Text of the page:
Strike action by junior doctors on 1 December will go ahead after the BMA warned it would not back down unless the government dropped a threat to impose contract changes.
Junior doctors will provide emergency care only tomorrow, followed by two full walkouts from 8am to 5pm on 8 December and 16 December. Other consultants will be on hand to provide emergency and routine care on these dates.
GPC deputy chairman Dr Richard Vautrey said GP practices should be able to continue providing care at usual capacity throughout the strikes, as appointments conduced by trainees are usually observed by full-time GPs in any case.
‘Essentially, GP trainees are supernumerary and GP practices should already have the ability to manage their workload without trainees,’ he told GPonline.
Junior doctor strike support
‘I think the message we’re getting from GPs is that they are overwhelmingly behind their junior doctor and GP trainee colleagues, and so would want to support then as much as they are able to.
‘As far as patients are concerned, I don’t think they should be unduly worried about accessing their GP service. They should still get the same level of care from their GP on the days of action.’
Despite the added strain on hospitals, patient safety is paramount, and GPs should also continue to refer urgent cases on to secondary care, he added.
‘Practices will obviously be mindful of the pressures hospitals will be under, but clearly if a patient needs to be referred urgently, then even on strike days hospitals should be geared up to deal with those urgent cases.’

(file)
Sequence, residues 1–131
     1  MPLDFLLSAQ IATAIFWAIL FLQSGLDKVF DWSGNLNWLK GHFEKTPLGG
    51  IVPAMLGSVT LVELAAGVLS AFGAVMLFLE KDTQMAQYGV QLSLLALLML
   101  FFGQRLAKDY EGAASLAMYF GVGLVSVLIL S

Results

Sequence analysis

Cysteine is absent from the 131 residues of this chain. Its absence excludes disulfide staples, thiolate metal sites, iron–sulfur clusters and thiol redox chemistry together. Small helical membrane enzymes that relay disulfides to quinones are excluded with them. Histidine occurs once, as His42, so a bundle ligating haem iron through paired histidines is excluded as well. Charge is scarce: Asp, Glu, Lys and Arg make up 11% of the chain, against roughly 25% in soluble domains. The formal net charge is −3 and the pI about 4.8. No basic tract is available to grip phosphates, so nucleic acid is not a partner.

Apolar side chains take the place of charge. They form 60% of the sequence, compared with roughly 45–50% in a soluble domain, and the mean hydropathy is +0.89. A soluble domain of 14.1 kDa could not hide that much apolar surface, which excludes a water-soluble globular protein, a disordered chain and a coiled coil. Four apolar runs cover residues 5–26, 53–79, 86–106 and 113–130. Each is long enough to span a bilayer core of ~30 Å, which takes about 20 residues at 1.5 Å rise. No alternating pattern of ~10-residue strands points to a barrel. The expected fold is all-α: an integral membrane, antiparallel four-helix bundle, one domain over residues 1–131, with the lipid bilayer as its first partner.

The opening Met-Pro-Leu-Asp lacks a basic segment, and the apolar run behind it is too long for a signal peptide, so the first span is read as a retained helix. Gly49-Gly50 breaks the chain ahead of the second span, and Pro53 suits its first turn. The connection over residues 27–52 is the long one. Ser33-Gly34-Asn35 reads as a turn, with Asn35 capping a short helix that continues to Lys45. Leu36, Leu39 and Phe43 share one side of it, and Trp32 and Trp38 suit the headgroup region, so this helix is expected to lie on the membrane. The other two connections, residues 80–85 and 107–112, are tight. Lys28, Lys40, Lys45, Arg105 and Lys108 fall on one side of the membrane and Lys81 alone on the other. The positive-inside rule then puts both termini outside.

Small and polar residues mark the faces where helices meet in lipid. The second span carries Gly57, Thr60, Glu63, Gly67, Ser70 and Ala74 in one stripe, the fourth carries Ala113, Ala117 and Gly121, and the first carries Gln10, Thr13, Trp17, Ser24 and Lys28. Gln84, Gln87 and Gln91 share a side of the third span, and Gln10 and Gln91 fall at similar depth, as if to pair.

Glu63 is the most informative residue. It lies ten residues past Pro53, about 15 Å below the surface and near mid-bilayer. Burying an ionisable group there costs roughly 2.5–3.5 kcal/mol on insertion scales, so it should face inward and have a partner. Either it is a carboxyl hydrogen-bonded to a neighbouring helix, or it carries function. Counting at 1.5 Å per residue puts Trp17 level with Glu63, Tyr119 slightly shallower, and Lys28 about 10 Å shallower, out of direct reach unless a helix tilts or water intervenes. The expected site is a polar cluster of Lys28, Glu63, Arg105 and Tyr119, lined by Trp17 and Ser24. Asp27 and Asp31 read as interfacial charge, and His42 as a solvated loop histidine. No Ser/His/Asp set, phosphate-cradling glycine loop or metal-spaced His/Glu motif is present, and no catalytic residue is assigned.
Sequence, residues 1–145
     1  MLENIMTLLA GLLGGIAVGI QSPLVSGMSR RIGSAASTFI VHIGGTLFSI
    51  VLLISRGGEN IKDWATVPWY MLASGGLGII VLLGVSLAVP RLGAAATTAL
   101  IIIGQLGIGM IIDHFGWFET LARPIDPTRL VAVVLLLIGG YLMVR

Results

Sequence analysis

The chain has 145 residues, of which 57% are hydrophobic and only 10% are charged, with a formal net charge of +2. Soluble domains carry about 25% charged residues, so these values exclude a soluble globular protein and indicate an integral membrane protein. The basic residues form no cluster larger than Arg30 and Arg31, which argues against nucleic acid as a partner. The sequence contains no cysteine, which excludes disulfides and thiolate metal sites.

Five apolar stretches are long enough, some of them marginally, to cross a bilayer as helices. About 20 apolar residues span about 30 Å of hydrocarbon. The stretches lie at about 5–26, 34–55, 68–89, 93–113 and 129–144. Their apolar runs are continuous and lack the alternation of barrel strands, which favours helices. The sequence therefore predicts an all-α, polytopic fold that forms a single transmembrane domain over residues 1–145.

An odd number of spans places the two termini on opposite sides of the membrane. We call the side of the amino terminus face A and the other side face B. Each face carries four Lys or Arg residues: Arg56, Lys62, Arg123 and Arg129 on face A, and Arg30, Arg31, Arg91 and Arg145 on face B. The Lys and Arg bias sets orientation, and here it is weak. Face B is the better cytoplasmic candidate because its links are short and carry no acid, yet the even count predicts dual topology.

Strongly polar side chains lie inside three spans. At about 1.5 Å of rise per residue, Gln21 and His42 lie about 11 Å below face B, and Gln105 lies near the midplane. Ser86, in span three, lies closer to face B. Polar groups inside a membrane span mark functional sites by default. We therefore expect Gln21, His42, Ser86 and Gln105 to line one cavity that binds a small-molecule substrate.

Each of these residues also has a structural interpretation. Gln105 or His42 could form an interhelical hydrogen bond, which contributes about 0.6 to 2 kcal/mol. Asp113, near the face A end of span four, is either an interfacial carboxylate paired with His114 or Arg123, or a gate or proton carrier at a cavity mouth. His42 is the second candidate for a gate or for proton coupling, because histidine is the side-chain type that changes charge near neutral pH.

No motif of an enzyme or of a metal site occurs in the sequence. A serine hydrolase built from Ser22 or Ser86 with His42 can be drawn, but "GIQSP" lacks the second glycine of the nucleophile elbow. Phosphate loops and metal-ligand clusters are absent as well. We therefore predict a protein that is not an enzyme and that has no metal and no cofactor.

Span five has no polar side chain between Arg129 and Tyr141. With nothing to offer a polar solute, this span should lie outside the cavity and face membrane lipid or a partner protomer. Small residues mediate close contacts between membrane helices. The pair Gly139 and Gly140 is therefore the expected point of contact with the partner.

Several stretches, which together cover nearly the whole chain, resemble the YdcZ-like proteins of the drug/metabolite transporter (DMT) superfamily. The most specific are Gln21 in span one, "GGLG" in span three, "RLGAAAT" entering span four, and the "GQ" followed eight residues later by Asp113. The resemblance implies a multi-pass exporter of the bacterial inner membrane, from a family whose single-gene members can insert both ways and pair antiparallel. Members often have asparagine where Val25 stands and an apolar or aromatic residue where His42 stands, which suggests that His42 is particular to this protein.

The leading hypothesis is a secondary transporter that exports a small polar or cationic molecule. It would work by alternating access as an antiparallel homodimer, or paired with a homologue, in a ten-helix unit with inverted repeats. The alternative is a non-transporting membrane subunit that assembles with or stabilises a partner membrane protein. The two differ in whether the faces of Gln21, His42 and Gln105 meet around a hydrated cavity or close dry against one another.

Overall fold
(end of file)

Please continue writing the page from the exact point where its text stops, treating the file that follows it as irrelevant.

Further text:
Health secretary Jeremy Hunt and others opposing strikes have warned that it will be ‘difficult to avoid harm to patients’ should the strikes go ahead. He added that the action would ‘at best disrupt care and at worst cause serious harm to patients'.
But analysis of previous doctor strikes in developed countries over the past half a century suggests that this month’s action is unlikely to have a severe impact on patients’ survival.
A timely US study led by Harvard researchers, published in BMJ last week, found that patient deaths do not increase during doctor strikes as long as provision is made for emergency care – which will be the case in the upcoming strikes, including the full walkouts.
They found that death rates consistently remained the same or even decreased during days of industrial action with emergency care. The reasons for this are unclear, although the researchers hypothesise this could be due to having more senior doctors filling in, doctors being better rested during strike periods or the cancellation of non-urgent surgeries.
The researchers warned that it would be 'naive' to expect no impact at all on patient welfare because many patients scheduled for routine or non-emergency appointments face having their treatment delayed or having their doctors drafted in to treat emergency patients.
In conclusion, they wrote: ‘Some doctors will always feel that industrial action is fundamentally inconsistent with their professional obligations because of its inevitable impact on patients.
‘However, in balancing their competing priorities, doctors in high income countries can be reassured by the consistent evidence that patients do not come to serious harm during industrial action provided that provisions are made for emergency care.’